When we woke up in the morning, we finally got the see the area in its glory. Umkomass was a group of huge bungalows, all located right on the sea coast. The sunrise rays falling on the house created some interesting scenes. And we saw huge fences around all the houses. So it wasn't as safe an area we expected. But still there was a beachy relaxed vibe all around which we felt the entire weekend, inspite of the fences everywhere.
We had booked diving in the morning at the Aliwal diving school which was an 8 mins walking from our airbnb. I had plans of doing two normal dives to Aliwal Shoal for the day. But our instructor convinced me to go for the shark dive today itself. It was risky and I wanted to take time to get myself ready for it. When I asked the diving instructor about it, he said 'its not risky and sharks don't attack humans like they show in the movies. Sharks have been living in the seas for millions of years, and humans have been going there only for a hundred or so years. So the sharks haven't really changed their food habits of millions of years to eat humans'.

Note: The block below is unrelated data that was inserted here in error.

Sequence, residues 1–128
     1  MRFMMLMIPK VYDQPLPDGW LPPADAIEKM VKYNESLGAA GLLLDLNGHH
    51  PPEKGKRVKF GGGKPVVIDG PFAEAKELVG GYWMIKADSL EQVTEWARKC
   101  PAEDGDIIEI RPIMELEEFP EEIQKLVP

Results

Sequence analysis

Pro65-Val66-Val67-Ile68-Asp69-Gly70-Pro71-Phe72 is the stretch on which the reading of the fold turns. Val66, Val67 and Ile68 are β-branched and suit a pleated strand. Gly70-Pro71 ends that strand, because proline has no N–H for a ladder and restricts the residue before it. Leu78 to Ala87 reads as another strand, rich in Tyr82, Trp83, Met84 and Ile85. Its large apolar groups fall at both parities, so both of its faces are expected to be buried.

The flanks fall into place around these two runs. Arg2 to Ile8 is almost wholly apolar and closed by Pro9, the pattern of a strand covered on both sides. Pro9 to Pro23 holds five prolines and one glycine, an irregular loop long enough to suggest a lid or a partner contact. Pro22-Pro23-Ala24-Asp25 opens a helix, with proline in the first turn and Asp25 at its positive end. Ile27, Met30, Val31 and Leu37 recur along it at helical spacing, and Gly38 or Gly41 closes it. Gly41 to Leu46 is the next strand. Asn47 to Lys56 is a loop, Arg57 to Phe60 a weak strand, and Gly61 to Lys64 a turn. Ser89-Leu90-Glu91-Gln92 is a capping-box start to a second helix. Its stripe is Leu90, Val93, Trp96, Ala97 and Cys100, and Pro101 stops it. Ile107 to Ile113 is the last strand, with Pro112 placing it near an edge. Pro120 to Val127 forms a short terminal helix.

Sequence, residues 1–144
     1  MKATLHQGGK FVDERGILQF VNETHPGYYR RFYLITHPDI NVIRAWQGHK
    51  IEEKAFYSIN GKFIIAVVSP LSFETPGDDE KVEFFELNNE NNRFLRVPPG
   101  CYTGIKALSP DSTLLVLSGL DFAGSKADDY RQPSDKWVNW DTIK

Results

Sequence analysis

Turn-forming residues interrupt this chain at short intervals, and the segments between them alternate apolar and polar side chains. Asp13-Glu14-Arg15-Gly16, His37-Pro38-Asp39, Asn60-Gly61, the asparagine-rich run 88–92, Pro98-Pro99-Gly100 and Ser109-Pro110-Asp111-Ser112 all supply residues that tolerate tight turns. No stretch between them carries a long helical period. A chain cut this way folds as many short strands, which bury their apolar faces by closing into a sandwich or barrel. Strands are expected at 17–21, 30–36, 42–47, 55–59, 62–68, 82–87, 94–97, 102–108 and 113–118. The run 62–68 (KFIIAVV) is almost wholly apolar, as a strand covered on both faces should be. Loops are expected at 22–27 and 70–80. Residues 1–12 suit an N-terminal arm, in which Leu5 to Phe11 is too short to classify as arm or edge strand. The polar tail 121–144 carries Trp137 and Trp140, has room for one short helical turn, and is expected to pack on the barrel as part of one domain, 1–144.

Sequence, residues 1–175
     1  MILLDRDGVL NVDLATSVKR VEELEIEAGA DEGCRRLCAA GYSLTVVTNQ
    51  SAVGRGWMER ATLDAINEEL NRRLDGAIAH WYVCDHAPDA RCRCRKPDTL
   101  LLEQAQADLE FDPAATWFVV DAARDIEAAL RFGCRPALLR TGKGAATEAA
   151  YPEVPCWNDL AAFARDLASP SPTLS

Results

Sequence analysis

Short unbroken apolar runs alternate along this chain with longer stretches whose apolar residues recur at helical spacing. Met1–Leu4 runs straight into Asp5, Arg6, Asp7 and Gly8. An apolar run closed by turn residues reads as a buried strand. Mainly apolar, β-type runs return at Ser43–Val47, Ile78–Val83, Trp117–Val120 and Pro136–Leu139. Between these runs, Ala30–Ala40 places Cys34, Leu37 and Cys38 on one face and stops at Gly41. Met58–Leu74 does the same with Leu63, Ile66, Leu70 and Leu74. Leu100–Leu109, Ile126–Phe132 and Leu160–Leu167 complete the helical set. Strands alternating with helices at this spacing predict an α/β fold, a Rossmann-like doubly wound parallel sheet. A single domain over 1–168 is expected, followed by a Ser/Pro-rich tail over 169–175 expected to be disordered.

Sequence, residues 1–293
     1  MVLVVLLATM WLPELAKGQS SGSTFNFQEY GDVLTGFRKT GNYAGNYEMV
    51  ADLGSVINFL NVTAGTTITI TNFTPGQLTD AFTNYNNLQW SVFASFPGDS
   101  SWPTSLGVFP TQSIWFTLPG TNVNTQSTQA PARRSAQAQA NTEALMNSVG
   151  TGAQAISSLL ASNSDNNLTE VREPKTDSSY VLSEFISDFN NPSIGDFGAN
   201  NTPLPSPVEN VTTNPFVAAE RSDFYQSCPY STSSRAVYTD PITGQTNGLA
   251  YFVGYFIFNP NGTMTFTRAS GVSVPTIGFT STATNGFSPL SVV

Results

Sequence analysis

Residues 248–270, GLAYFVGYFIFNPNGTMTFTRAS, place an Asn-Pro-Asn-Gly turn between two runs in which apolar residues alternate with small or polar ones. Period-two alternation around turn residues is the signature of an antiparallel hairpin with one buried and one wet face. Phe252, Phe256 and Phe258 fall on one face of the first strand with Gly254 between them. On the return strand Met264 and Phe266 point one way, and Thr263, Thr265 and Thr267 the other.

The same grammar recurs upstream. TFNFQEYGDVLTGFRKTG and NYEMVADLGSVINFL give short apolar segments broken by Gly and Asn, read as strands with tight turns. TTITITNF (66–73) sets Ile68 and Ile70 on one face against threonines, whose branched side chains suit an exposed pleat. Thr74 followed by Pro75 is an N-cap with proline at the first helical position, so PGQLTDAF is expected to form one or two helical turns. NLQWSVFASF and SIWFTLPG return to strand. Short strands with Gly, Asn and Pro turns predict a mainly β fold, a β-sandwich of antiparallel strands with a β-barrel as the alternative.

I don't know if it was this explanation but I decided to give it a go. (btw the shark dive is almost double the price of the normal dive). So we were off in a trailer to the beach at the river mouth, and then in a boat launch into the sea. The boat launch from the beach is apparently tough. The boat has to cross a sand bed - which is a shallow area with sand very close to the surface and brown waves because of all the sand. So the boat driver has to be an expert to get the boat out of the river mouth. We had to try two times to get it right. For the first time, we had to immediately turn and come back when one of the waves was bigger than was considered safe. But we made it out the second time.